IMF’s Dr. Mathai said that from all credible accounts, Dr. Karunaratne and his team were taking “exactly the right steps” to ensure that stock market participants obeyed the rules.


“In any country, it is only with a firm set of regulations and an active regulator to enforce them that foreign and domestic investors will have confidence that the stock market is indeed a level playing field for all and not just designed for the benefit of a select few. This is an important issue, as development of the capital markets is a key priority in ensuring Sri Lanka’s continued growth and prosperity,” he said.
The Ceylon Chamber of Commerce and the Sri Lanka Institute of Directors, representing the cream of the country’s business leaders, also expressed grave concern over the developments and urged the government to ensure the regulator was independent.

The Sunday Times reliably learns that an active foreign investment fund decided to suspend investments in the stock market, concerned that governing authorities had wilted under the pressure of a group of powerful investors with links to senior government personalities.

Sanjay Kulatunga, one of the SEC honorary commissioners, also quit. The SEC staff in a letter signed by a majority of the officials urged President Rajapaksa to reconsider the SEC chief’s resignation. Separately, the staff planned to hold a picket and protest outside the World Trade Centre building where the SEC office is located but was stopped from this move by Dr. Karunaratne, sources said.

In a parting, 10-minute meeting with the staff on Friday, Dr. Karunaratne thanked the officials for their dedication and diligence and left quietly, requesting no other speeches. “There was shock and an eerie silence,” one staff member recalled. “Even after he left, the room was silent because under his guidance the work done was in accordance with the SEC mandate,” another staffer said.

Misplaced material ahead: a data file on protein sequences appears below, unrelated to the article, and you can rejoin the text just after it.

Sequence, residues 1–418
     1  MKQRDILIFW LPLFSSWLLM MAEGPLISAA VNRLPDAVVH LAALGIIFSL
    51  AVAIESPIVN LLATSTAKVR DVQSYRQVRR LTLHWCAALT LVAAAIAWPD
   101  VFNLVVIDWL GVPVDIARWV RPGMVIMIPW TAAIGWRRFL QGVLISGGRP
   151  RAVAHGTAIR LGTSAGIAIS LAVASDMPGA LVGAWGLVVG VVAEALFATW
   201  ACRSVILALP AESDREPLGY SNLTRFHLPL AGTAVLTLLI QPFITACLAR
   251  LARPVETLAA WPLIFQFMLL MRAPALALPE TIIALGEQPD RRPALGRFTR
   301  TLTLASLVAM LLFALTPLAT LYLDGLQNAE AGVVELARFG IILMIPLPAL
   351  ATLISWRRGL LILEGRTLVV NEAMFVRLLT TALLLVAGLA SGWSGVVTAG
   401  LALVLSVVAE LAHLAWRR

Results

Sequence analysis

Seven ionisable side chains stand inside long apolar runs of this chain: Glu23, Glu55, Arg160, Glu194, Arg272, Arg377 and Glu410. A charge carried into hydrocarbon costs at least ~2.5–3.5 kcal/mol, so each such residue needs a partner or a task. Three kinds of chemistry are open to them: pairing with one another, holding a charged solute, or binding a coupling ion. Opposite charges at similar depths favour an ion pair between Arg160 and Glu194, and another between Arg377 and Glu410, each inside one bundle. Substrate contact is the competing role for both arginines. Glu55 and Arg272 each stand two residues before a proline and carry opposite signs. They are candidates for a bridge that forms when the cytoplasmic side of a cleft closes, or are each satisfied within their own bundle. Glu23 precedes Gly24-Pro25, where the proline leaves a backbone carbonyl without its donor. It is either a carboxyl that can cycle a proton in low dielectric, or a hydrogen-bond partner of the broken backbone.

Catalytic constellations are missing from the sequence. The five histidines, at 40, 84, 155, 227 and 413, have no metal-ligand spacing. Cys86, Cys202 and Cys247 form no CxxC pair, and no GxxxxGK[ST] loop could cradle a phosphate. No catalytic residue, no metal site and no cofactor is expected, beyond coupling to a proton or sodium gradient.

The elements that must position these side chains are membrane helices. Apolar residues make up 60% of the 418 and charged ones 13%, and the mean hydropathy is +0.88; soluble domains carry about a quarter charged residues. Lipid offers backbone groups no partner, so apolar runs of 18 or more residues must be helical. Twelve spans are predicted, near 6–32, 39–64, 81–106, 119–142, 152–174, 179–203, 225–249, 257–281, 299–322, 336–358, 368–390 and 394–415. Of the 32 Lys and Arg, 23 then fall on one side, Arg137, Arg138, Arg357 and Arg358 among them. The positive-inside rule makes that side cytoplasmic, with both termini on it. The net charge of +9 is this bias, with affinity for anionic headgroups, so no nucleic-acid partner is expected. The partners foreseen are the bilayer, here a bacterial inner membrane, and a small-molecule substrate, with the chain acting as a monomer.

The recent developments in the market since Ms. Sugathadasa’s tenure have split the brokers into two factions. At least five members of the Colombo Brokers’ Association withdrew their membership on the grounds that it was controlled by a cartel.

“What has happened is sad. His resignation will affect the confidence in the market.
He was a rare person of integrity, honesty and stood by his principles,” said Cecilia Muthukumaru, Chairman of CT Smith Stockbrokers which was among the five brokers who pulled out. She said the practice all over the world was that the regulator had to be independent.

Asked about Dr. Karunaratne’s resignation, Colombo Stockbrokers Association President Sriyan Gurusinghe said, “It’s his personal decision. He used to have continuous dialogue with us. In the future we want to see someone in this position who will work with us for a longer period as it’s healthy for the stock market. We wish him well.”
Nimal Perera, a high net-worth investor and among those who were critical of the regulations, declined to comment on the developments.

Dilith Jayaweera, another high net-worth investor who made a presentation on how the market has collapsed at the recent stakeholders meeting with the President, was unavailable for comment despite repeated calls to his mobile phone.

Dr. Karunaratne said his resignation letter highlighted the work done and what was planned at SEC. “The regulations we have are not up to international standards.

We have studied the rules of other jurisdictions unlike the so-called mafia,” he said. He said when the economic parameters are weak in a country the money people have for savings become constricted. “Why should they come into the stock market when they can earn decent interest from finance companies and banks? When the bourse is like a casino they will go for a ‘safer’ investment,” he reiterated.
By Duruthu Edirimuni Chandrasekera

Back to Top